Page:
I want to start Black History Month off right, sharing with you the Oldways African Heritage Food Pyramid. Oldways has worked the past few years to create content that gears communities of color toward better eating habits and health patterns based in and on the traditional diets of Latin America, South and East Asia, Africa and her Diaspora and the Middle East and Mediterranean.
For my purposes I discourage gluten intake, dairy intake and white potatoes. Doesn’t mean I don’t eat them, I just work to curtail them in my daily diet. These foods simply weren’t common or traditional to the West and Central diet in the days of contact. When I limit these foods my body feels better. Utilize the food pyramid as a guide to begin to navigate how you want to eat to live.
Note: the leafy greens, black eyed peas, rice, fresh fruit, spices, high water intake and the cute sweet potato pie up top!
If you want to learn more about Oldways:
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Very cool! We should all do well do follow this. 🙂
But…cheese. I don’t eat much meat at all, but…cheese.
Anyways, looking forward to your posts this month.
Many of these ingredients are actually indigenous to North America or Asia, not Africa. For example corn, squash, sweet potatoes, tomatoes, and peppers are all native to north or south America. This website makes a point of promoting “culinary justice” for Africans and African Americans but doesn’t always promote the same sort of justice for Native Americans, Asians or other diaspora. (Giving credit for a corn dish and not even mentioning Mexico isn’t exactly justice.) I totally agree that the African diaspora deserves MUCH more credit for their influence on american cuisine. But if we are going concern ourselves with the origin of an ingredient or with giving credit than we should at least be accurate.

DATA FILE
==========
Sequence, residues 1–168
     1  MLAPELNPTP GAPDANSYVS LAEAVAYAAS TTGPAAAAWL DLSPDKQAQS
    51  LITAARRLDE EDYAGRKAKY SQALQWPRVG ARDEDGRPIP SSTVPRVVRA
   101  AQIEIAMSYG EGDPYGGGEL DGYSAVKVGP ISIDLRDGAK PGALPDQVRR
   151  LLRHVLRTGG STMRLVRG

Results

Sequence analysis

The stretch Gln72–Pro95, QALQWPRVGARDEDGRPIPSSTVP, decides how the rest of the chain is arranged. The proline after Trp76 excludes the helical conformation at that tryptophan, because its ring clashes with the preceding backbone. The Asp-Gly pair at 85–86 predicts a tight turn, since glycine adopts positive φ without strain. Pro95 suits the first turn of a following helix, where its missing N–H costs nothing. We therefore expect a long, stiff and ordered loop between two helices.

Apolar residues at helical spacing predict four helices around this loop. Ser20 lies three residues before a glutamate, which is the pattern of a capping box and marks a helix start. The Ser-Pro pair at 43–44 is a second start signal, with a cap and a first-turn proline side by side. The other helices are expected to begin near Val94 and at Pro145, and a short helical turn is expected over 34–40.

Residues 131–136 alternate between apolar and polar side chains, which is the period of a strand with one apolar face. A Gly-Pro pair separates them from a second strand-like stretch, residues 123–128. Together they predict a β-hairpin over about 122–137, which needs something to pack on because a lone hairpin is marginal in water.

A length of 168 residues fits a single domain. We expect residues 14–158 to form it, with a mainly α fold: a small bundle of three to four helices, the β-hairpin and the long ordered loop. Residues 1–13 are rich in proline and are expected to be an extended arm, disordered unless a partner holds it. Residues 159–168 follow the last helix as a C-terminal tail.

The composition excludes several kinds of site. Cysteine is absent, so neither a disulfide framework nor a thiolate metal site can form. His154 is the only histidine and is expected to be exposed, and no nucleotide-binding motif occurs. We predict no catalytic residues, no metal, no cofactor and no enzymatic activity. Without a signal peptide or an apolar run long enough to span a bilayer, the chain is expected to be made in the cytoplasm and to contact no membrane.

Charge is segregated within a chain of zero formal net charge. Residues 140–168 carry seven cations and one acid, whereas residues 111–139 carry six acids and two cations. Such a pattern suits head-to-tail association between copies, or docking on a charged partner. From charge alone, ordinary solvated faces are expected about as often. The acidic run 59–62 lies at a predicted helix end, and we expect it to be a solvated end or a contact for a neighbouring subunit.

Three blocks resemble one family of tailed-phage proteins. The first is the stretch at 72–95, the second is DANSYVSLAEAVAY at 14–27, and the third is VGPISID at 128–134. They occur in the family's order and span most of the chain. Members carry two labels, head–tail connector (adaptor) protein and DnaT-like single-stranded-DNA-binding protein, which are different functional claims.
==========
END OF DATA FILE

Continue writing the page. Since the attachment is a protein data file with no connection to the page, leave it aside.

I appreciate your commentary but anyone who knows my writing knows that I certainly don’t have any issue attributing foods from outside of the Continent or other culinary traditions to their sources. If you saw my piece on Black Corn it clearly says there is no Southern food without native Southerners past and present. I am meeting and working with Native American chefs with similar goals to educate the public about the complex and indivisible relationship between African and Native communities.
In addition, I make no claims of ownership over Oldways’ material. Please feel free to write them with your very valid concerns. However, I’m sure they are aware not all foods incorporated over the past 500 or 2500 years come from Africa alone 🙂
Excellent diet plan for people of every heritage! Everyone should eat more greens!
I looked on the oldways website and it seemed like meat and fat were a bit discouraged. Why?